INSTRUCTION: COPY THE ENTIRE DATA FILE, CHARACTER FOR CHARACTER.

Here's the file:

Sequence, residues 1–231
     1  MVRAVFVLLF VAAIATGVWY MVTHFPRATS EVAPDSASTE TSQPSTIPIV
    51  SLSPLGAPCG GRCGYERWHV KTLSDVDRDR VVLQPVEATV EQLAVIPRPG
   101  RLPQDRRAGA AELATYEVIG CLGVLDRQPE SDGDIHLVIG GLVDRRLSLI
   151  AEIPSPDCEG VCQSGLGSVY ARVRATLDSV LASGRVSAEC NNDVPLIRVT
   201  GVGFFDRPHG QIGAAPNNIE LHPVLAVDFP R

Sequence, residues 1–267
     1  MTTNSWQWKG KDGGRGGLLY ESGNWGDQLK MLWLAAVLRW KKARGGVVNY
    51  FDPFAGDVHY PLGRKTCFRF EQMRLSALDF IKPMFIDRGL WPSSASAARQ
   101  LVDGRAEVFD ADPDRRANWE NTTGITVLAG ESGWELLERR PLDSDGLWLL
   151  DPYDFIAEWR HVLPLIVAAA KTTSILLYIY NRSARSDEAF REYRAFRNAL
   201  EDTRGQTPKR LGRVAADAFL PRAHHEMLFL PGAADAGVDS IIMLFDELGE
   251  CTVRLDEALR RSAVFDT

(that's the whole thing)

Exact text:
Sequence, residues 1–231
     1  MVRAVFVLLF VAAIATGVWY MVTHFPRATS EVAPDSASTE TSQPSTIPIV
    51  SLSPLGAPCG GRCGYERWHV KTLSDVDRDR VVLQPVEATV EQLAVIPRPG
   101  RLPQDRRAGA AELATYEVIG CLGVLDRQPE SDGDIHLVIG GLVDRRLSLI
   151  AEIPSPDCEG VCQSGLGSVY ARVRATLDSV LASGRVSAEC NNDVPLIRVT
   201  GVGFFDRPHG QIGAAPNNIE LHPVLAVDFP R

Sequence, residues 1–267
     1  MTTNSWQWKG KDGGRGGLLY ESGNWGDQLK MLWLAAVLRW KKARGGVVNY
    51  FDPFAGDVHY PLGRKTCFRF EQMRLSALDF IKPMFIDRGL WPSSASAARQ
   101  LVDGRAEVFD ADPDRRANWE NTTGITVLAG ESGWELLERR PLDSDGLWLL
   151  DPYDFIAEWR HVLPLIVAAA KTTSILLYIY NRSARSDEAF REYRAFRNAL
   201  EDTRGQTPKR LGRVAADAFL PRAHHEMLFL PGAADAGVDS IIMLFDELGE
   251  CTVRLDEALR RSAVFDT